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  Wednesday, 25 September, 2002, 12:36 GMT 13:36 UK
When the Cup runs over
OneWorld: The American challenger has already courted controversy
Rough seas: OneWorld have had a point docked

If America's Cup history has taught us one thing, it is that few campaigns pass by without controversy.

In the heat of the quest for the prized Auld Mug, tensions mount and something can be relied on to cast a shadow of suspicion over proceedings.

From law suits and blazing wars of words to scuba-diving spies, the America's Cup has seen it all, and the 2002/03 instalment promises yet more intrigue.

Before racing even started, US challenger OneWorld was penalised for holding design secrets belonging to rival syndicates Team New Zealand and Prada.

And the whole event was jeopardised at one stage, when sources close to the Cup's arbitration committee revealed that a fear of being sued was making it impossible for the arbiters to do their job properly.

That concern appears to have been allayed for now.

Alan Bond led the first syndicate to dethrone the USA
Bond's bid was shrouded in secrecy

But allegations of foul play will rumble on and the race jurors are sure to be kept busy with all manner of appeals.

Some of these could make incredible headlines.

In 1983 - the year Australia became the first country to beat the USA - a huge argument brewed between challenger and holder over Australia II's "secret keel".

The infamous keel used to be covered up at night to protect it from prying eyes, but one evening, guards chased away skin-divers who tried to sneak a look.

Australia charged the New York Yacht Club with illegal espionage and the NYYC countered by asking the International Yacht Racing Union to disqualify its foe for having an illegal design.

The race went on, and it turned out that Australia II - the smallest boat ever to compete for the America's Cup - did have an extra-heavy keel, fitted with fins.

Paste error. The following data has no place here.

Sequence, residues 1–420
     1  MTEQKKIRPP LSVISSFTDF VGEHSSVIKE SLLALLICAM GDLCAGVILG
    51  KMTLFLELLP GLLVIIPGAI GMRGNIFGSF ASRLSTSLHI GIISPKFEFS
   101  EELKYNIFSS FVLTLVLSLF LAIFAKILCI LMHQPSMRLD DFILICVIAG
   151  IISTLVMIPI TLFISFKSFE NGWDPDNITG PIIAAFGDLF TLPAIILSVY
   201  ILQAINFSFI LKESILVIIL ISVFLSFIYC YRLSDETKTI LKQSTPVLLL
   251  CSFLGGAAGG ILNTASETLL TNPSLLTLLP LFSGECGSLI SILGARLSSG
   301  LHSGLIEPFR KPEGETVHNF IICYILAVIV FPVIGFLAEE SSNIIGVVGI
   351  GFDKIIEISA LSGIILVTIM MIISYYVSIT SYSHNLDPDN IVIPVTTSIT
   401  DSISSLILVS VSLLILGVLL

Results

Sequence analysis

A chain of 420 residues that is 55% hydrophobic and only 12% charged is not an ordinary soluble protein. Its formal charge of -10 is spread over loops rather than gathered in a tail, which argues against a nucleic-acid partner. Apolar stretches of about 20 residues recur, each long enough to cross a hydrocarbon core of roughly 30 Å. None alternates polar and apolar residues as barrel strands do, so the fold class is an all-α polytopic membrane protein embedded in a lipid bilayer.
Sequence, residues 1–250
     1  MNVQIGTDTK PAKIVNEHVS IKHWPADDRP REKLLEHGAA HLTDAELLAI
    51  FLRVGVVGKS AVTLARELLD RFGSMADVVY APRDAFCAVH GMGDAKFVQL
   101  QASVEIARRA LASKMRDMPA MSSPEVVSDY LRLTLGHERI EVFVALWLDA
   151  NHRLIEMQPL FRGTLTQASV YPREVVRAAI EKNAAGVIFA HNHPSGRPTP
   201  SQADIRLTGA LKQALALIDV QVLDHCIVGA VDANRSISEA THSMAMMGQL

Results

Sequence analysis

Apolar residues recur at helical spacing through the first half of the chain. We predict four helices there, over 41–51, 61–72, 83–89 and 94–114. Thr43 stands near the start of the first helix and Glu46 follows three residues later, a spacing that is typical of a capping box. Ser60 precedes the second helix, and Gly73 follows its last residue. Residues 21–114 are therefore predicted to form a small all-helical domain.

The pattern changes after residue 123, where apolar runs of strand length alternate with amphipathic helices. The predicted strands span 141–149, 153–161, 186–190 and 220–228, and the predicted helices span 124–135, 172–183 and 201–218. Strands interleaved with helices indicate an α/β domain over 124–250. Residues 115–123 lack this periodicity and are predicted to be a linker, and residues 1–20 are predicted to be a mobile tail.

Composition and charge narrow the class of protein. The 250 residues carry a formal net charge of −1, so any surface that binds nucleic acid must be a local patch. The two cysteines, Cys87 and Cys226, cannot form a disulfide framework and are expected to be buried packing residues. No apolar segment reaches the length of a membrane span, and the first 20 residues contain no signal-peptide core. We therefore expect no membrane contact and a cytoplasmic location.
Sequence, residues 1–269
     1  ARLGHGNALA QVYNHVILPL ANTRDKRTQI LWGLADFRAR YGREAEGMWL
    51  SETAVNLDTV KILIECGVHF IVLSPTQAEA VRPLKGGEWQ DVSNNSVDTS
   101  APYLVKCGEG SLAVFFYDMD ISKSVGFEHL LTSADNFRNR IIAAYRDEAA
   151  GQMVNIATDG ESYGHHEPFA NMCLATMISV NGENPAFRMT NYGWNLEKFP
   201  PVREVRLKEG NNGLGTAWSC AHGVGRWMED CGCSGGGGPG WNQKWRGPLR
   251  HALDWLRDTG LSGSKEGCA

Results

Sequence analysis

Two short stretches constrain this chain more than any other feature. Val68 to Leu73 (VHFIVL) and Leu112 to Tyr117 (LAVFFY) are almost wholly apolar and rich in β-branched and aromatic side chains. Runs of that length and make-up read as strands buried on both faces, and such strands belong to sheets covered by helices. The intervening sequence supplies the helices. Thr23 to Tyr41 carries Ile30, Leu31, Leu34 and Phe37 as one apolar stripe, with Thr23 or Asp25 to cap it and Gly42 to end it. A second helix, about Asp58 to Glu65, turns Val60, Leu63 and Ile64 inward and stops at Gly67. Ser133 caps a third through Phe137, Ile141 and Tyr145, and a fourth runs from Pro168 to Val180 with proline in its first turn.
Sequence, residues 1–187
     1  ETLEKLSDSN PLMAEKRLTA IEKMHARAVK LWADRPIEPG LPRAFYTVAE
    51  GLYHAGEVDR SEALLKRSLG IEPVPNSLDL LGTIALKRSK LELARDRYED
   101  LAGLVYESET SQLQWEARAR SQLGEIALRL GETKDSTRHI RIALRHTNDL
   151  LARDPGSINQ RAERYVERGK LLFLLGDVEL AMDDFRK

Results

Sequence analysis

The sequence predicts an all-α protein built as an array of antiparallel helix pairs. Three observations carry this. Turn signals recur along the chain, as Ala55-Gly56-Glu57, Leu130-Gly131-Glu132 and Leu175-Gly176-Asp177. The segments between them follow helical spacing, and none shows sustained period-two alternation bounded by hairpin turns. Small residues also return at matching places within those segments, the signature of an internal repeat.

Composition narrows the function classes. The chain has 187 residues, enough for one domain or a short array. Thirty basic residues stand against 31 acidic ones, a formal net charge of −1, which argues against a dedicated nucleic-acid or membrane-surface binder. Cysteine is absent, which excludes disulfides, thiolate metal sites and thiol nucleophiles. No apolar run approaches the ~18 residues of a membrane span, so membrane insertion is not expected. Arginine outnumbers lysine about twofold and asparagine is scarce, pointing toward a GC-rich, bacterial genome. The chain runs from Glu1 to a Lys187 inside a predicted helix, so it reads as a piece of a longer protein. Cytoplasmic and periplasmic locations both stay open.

Britannia rules the waves, but America waives the rules
Embittered British writer

But this was not outlawed and the challengers went on to win a narrow series 4-3.

Acrimony between the USA and Australia dates back to 1967.

In that year, their representative yachts collided shortly after the start of a race the Australia craft went on to win.

It was disqualified, which prompted a flood of complaints, including one from a furious Australian MP who demanded that his country withdraw its US ambassador.

And the Americans have also rubbed up current hosts New Zealand along the way.

In 1988, Team Dennis Conner answered a Kiwi challenge with a giant catamaran and the event descended into a succession of court battles.

An eventual ruling found in favour of the successful US syndicate, but the controversy led to the standardisation of boats under America's Cup Class specifications, which are still in effect today.

England has courted its share of controversy too.

Way back in 1895, the Earl of Dunraven's challenger Valkyrie III apparently won the second race of a series, but was also disqualified.

Dunraven protested so loudly that he was stripped of his honorary NYYC membership.

As a direct result, England did not challenge again until 1934, when another technical decision prompted one disillusioned British writer to declare:

"Britannia rules the waves, but America waives the rules."

His words speak volumes about the passion and pride caught up in any America's Cup campaign.

Sportsmanship and skill should shine through in the Hauraki Gulf, but no-one should be surprised if tempers flare at dockside from time to time.

And no-one should complain either.

Within limits, controversy and scandal have their own place in the world's premier sailing event.

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29 Aug 02 | Sailing
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